[Four] When the outro ends, the intro begins to play, onto the next song — Aikatsu! Stars

aikatsu stars ED episode solo, episode solo aikatsu! stars, aikatsu! stars ending song episode solo

I’ve written a few times on this blog about Aikatsu! but not nearly as much as I should have. Aikatsu! is an utterly charming children’s series — far more than a vehicle for selling an idol card game should be.

With a fitting end to Akari Oozora’s emotional narrative, the regular franchise of Aikatsu! ended this past March after four seasons. Succeeding it was a near-impossible task. The spin-off sequel, Aikatsu! Stars, with a brand new cast of idol hopefuls in a stricter, boarding school setting was met with general disinterest compared to previous seasons.

Yet, I’ve enjoyed what I’ve seen of Aikatsu! Stars just as much, if not more so, than the original franchise, and not solely for its amazing ending song, “Episode Solo.”

confused nijino yume aikatsu stars, aikatsu! stars nijino yume episode 4

The episode that cemented my appreciation for Aikatsu! Stars is the simple and unassuming Episode 4, where lead Yume Nijino has to work backstage preparing for an upcoming concert.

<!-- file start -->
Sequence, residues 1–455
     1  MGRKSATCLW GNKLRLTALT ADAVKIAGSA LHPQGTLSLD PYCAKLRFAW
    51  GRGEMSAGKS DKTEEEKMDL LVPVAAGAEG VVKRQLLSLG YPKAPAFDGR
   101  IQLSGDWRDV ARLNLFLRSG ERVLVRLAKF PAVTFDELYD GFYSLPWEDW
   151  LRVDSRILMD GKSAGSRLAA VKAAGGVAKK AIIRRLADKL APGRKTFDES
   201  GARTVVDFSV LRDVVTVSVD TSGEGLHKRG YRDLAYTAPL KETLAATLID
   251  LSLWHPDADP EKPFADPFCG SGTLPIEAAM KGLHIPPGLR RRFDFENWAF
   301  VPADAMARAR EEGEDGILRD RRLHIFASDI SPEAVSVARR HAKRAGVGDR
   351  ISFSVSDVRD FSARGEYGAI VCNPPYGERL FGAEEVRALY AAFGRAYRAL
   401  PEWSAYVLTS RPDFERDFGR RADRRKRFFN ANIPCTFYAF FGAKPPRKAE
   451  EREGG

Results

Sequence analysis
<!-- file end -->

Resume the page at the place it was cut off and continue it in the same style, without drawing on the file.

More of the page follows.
In the original Aikatsu!, Ichigo Hoshimiya is a prodigious talent. Her successor, Akari Oozora, works her way up through the ranks from nothing — she’s first introduced as an Ichigo superfan who has to attend aikatsu bootcamp in order to catch up to her peers.

By contrast, Yume is a bit of a slob. She’s presented as a girl with extraordinary talent from her first performance, but doesn’t know how to make the most of her abilities. She constantly tries to take shortcuts. She spaces out in and out of class. She double-fists bagel sandwiches while on lunch break.

yume double-fisting bagel sandwiches aikatsu! stars episode 4, aikatsu! stars episode 4 nijino yume and sakuraba laura, rola sakuraba nijino yume aikatsu! stars

These qualities help make Yume sometimes obnoxious, but also endearing. Deep down, she does care about her own career as well as the careers of her closest friends. She proves to be a caring and hard-working person, albeit a selfish and lazy one at times. Yume is a very relatable character, set in an Aikatsu! universe where her school’s stars seem both distant but their places attainable — unlike the complete domination of Mizuki Kanzaki in Aikatsu!.

Although Stars was subject to more criticism for being too different than the original Aikatsu!, I’ve thoroughly appreciated my time with Stars, and wish that I had more time to catch up — right now I’m still on Episode 19. As the ending song says, when one song ends, the next immediately begins, and I can’t think of better successors to the spirit of Aikatsu! than Yume and Aikatsu! Stars.


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